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    Quote Originally Posted by lovemachine97(Version 2) View Post

    When it comes to buying from, say, an overseas digital store, that store is only authorized by the labels/publishers to sell that license to people within their borders, hence those here that purchased that way don't own the license to use, store, or listen to the music they bought and are therefore just as "illegal" as those that downloaded the same unlicensed music for free.

    So technically there is no "grey area," but your point isn't lost on me. This is what I mean about the labels not "getting it" and still promoting piracy by trying to control what people have already gotten around.
    Technically there is no grey area, I agree 100%. But practically, there is plenty. For instance, the label/artist got the money from these "illegal" purchases just as much as if one had purchased them "legally." Absolutely no money was lost by the label/artist, therefore, how could they possibly prosecute such purchases successfully? If I visit the UK and buy an album that is not yet available in the US, I can legally bring it back with me -absolutely no issue. How is virtually visiting the UK any different, practically speaking? I'm sure there's some convoluted technical reason why it's different, but that doesn't change the fact that it's the same thing with the same effect.

    Labels must give people the options they are begging for, or people will continue to steal music.
    Yes. The internet has nullified their old way of business. It's a global marketplace; timezones and borders are meaningless. People will get what they want one way or another and it's not difficult for labels to get a piece of all the action. They are just too stubborn to change.

    Quote Originally Posted by It's Mike
    One could say that they aren't harming anyone since they're paying for the product but they are also effectively destroying the Canadian cable industry by doing that. I agreed with the cable companies who fought like hell to put a stop to this practice.
    OK, but maybe the cable companies need to be "destroyed" in order to finally offer what the consumer actually wants.

    But for me it comes down to a question of giving the artist reasonable control over his work. The VH album will be available for sale in a week. I think we should respect the band and wait it out. If they said it would not be available for sale on this continent then i think we have a different debate.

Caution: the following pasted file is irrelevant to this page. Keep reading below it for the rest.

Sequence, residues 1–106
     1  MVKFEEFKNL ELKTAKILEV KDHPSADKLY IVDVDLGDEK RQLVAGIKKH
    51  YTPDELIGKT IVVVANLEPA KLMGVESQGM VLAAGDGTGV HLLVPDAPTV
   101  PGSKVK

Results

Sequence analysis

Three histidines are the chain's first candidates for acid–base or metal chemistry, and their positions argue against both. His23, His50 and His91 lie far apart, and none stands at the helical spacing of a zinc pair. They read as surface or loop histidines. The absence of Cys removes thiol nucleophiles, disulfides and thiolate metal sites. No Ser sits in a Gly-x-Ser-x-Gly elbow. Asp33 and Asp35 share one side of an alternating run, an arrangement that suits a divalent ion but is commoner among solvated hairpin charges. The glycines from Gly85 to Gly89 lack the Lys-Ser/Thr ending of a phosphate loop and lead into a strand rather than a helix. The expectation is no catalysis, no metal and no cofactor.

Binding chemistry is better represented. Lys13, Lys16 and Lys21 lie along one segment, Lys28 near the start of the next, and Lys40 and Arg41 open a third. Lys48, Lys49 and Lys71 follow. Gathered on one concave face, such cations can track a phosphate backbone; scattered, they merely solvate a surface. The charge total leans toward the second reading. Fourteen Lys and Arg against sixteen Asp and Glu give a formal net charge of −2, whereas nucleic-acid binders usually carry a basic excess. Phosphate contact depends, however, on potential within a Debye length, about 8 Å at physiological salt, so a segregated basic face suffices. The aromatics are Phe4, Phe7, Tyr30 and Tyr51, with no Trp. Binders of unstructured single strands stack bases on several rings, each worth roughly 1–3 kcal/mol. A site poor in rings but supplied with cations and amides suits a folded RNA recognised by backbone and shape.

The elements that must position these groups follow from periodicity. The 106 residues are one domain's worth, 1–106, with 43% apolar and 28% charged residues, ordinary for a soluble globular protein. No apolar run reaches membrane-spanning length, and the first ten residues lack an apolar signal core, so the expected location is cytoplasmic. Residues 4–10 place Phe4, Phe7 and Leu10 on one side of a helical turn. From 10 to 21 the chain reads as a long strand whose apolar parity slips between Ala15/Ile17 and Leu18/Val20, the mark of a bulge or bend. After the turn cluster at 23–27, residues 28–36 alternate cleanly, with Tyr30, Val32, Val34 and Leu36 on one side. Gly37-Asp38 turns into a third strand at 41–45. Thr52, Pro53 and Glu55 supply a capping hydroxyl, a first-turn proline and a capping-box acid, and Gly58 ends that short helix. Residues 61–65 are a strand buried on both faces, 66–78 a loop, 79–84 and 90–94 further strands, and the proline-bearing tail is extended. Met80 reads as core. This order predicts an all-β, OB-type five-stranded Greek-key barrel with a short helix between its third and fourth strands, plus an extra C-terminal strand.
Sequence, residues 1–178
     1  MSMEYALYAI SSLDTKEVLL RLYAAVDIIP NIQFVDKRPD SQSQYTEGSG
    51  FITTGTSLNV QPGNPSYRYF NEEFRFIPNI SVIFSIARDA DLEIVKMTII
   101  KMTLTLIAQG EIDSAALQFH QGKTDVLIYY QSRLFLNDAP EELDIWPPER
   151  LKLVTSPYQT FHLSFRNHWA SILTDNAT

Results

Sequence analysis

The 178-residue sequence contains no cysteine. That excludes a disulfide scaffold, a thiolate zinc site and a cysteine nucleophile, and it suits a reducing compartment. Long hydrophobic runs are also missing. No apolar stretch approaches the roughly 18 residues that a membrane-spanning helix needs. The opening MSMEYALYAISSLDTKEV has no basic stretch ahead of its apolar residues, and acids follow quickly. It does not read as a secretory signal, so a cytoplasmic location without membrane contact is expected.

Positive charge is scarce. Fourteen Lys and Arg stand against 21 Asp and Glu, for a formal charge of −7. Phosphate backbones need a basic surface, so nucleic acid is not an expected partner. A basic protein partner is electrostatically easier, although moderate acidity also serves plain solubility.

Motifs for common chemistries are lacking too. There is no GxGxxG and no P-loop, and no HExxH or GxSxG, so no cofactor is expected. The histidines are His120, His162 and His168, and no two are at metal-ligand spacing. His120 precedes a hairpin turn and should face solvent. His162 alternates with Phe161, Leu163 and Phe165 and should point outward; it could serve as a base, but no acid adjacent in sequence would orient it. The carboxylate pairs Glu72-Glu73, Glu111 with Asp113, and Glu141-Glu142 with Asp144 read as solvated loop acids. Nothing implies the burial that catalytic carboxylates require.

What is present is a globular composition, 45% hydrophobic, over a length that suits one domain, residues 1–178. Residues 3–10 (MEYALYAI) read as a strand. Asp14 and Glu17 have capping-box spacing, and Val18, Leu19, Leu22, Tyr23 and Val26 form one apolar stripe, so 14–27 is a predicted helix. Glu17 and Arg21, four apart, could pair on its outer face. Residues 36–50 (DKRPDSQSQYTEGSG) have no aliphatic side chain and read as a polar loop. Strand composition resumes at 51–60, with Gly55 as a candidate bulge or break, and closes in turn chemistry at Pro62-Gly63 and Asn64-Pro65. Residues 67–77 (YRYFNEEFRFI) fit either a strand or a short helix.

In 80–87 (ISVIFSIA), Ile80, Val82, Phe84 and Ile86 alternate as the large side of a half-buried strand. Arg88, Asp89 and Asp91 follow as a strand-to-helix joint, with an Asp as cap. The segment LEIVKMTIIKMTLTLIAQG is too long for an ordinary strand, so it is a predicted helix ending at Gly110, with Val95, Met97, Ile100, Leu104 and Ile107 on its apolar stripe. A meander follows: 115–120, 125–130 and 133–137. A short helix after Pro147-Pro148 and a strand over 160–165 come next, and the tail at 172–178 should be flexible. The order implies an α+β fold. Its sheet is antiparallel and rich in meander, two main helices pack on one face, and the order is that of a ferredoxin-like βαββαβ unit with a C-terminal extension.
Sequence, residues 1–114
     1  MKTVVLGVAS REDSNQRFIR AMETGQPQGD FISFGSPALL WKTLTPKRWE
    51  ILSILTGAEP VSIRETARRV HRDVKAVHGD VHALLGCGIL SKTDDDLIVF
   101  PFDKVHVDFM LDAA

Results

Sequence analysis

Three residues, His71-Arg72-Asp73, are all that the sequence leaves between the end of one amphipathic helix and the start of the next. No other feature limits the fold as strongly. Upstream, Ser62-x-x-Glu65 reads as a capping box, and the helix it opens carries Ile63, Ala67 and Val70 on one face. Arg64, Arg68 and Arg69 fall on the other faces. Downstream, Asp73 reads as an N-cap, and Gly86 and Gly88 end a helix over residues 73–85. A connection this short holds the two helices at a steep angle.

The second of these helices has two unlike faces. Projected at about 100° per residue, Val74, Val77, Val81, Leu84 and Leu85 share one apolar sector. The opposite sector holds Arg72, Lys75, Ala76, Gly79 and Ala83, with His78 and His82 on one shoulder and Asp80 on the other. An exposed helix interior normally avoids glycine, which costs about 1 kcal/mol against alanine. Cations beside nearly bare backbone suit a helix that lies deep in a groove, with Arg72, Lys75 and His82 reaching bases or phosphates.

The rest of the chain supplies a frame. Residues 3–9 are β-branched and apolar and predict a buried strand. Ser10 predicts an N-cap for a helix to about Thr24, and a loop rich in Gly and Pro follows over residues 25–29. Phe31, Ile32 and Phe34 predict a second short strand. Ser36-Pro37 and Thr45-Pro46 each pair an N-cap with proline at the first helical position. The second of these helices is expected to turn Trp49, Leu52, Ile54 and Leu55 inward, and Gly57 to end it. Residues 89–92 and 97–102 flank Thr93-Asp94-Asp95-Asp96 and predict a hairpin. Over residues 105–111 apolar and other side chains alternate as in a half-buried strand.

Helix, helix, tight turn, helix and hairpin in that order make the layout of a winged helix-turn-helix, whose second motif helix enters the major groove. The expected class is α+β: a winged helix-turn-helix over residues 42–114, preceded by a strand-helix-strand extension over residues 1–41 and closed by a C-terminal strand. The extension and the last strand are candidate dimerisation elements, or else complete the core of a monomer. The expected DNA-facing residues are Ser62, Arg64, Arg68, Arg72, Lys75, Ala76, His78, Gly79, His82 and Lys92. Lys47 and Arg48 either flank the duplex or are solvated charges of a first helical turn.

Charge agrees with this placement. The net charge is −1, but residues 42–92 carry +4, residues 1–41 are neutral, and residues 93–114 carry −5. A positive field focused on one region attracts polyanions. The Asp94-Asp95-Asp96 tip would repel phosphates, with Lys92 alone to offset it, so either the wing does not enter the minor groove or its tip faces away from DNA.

I happen to agree with you. We've waited this long; what's another week? But not everyone else agrees. If new music from a band like VH is available illegally on the net, but not for legal sale, there is very little stopping them from illegally downloading it. And all that does is cannibalize sales.
    I think it would have been infinitely smarter to make a single worldwide release date, it would have curbed some of that illegal downloading.

  12. #12
    Forum Frontman It's Mike's Avatar
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    Quote Originally Posted by Puddinman View Post
    e.

    OK, but maybe the cable companies need to be "destroyed" in order to finally offer what the consumer actually wants.

    I happen to agree with you. We've waited this long; what's another week? But not everyone else agrees. If new music from a band like VH is available illegally on the net, but not for legal sale, there is very little stopping them from illegally downloading it. And all that does is cannibalize sales.
    I think it would have been infinitely smarter to make a single worldwide release date, it would have curbed some of that illegal downloading.
    The rules are different up here but Direct TV was able to offer things that our cable companies were not legally allowed to offer.

    I agree that record companies would be well served to release music at the same time around the world.

  13. #13
    5150 C Brown's Avatar
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    Quote Originally Posted by lovemachine97(Version 2) View Post
    This is ALL the labels fault. This is long, but an interesting read if you want to see how close the labels came to fucking everything up. Steve Jobs saved the music industry. This is how:

    By 2002, with CD sales dropping, labels were scrambling after completely ignoring the problem that everyone knew was coming except for them. Paul Viddich of Warner Music and Bill Raduchel of AOL Time Warner were talking to Sony about Digital Rights Management. They ended up deciding that Apple would be someone good to talk to, and made the move to see Jobs in January of 2002.

    They started to present to him their ideas so far for DRM protection, and after four slides, Jobs said, "You have your heads up your asses." Paul Viddich of Warner Music replied, "You're right. We don't know what to do. You need to help us figure it out."